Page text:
Crohn’s disease and life insurance
According to The Crohn’s and Colitis Foundation Crohn’s disease affects about 700,000 people in the United States. Crohn’s disease is a chronic inflammatory bowel disease. Sometimes called regional enteritis. There may be inflammation of any part of the gastrointestinal tract from mouth to anus. Inflammation can spread into many layers of the affected tissue.
Commonly affected areas are the terminal ileum, colon and anorectal regions. Clinical features include chronic diarrhea, abdominal pain, fever, anorexia, and weight loss. Crohn’s disease is most often diagnosed between the ages of 20 – 40.
Treatment is similar to that of ulcerative colitis. However, over half of Crohn’s patients will need some surgical intervention within 5 years. Because the entire gastrointestinal tract can be involved, surgery is not curative and recurrences following surgery are common.
Why are life insurance companies concerned with Crohn’s disease?
Aside from Crohn’s disease being painful, it can lead to life threatening complications. Common complications include bowel obstructions, ulcers, fistulas, anal fissures, colon cancer, and malnutrition. There is an increased risk of colon cancer if the disease has been present over 15 years. Consequently underwriters believe there is a risk of increased mortality.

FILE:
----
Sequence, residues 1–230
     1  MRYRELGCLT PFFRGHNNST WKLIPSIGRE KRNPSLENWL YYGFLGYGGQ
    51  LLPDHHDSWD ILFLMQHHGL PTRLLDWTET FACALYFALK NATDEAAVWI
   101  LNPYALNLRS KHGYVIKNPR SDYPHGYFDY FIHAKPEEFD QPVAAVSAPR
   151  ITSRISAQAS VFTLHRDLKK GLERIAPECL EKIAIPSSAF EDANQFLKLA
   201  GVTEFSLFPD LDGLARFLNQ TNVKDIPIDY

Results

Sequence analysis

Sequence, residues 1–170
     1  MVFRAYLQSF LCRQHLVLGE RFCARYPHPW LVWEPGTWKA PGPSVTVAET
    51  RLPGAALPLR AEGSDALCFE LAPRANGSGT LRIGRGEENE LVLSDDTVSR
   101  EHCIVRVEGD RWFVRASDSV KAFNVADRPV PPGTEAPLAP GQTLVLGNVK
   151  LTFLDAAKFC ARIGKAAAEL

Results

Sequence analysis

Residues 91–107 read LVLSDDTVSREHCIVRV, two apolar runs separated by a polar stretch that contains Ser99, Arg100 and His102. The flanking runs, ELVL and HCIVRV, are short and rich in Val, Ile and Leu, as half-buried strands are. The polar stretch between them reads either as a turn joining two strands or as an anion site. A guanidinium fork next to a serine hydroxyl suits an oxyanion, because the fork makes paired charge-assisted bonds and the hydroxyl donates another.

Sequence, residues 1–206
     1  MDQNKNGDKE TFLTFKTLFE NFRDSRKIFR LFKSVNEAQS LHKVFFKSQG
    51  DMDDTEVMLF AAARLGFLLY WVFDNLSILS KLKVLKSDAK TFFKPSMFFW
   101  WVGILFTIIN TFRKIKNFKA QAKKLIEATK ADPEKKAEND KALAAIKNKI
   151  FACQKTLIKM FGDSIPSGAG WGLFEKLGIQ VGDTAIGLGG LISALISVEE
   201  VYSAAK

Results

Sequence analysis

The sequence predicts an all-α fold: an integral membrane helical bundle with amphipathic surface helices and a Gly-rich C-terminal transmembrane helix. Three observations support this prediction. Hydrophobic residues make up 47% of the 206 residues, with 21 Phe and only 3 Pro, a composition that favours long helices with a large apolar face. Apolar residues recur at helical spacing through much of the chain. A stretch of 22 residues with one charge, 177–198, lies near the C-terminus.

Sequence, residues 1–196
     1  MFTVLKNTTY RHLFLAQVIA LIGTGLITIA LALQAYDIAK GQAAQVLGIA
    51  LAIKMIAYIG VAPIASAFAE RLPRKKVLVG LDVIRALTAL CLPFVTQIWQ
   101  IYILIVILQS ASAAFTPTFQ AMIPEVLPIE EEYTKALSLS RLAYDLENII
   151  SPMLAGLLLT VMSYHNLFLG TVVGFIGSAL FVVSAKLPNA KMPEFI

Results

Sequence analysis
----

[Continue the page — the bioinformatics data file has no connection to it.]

What do underwriters want to know in order to offer a risk assessment?
- age at diagnosis
- the frequency of episodes
- if stable, how long stable
- list of any treatments, medications, or hospitalizations
Expected ratings can be from standard to decline depending on severity.
- an underwriter will probably be postpone any case within six months of diagnosis
- after six months is symptoms are stable the rating would be 50-75%
- a single episode over 10 years ago could be standard
- evidence of sclerosing cholangitis or dysplasia on biopsy
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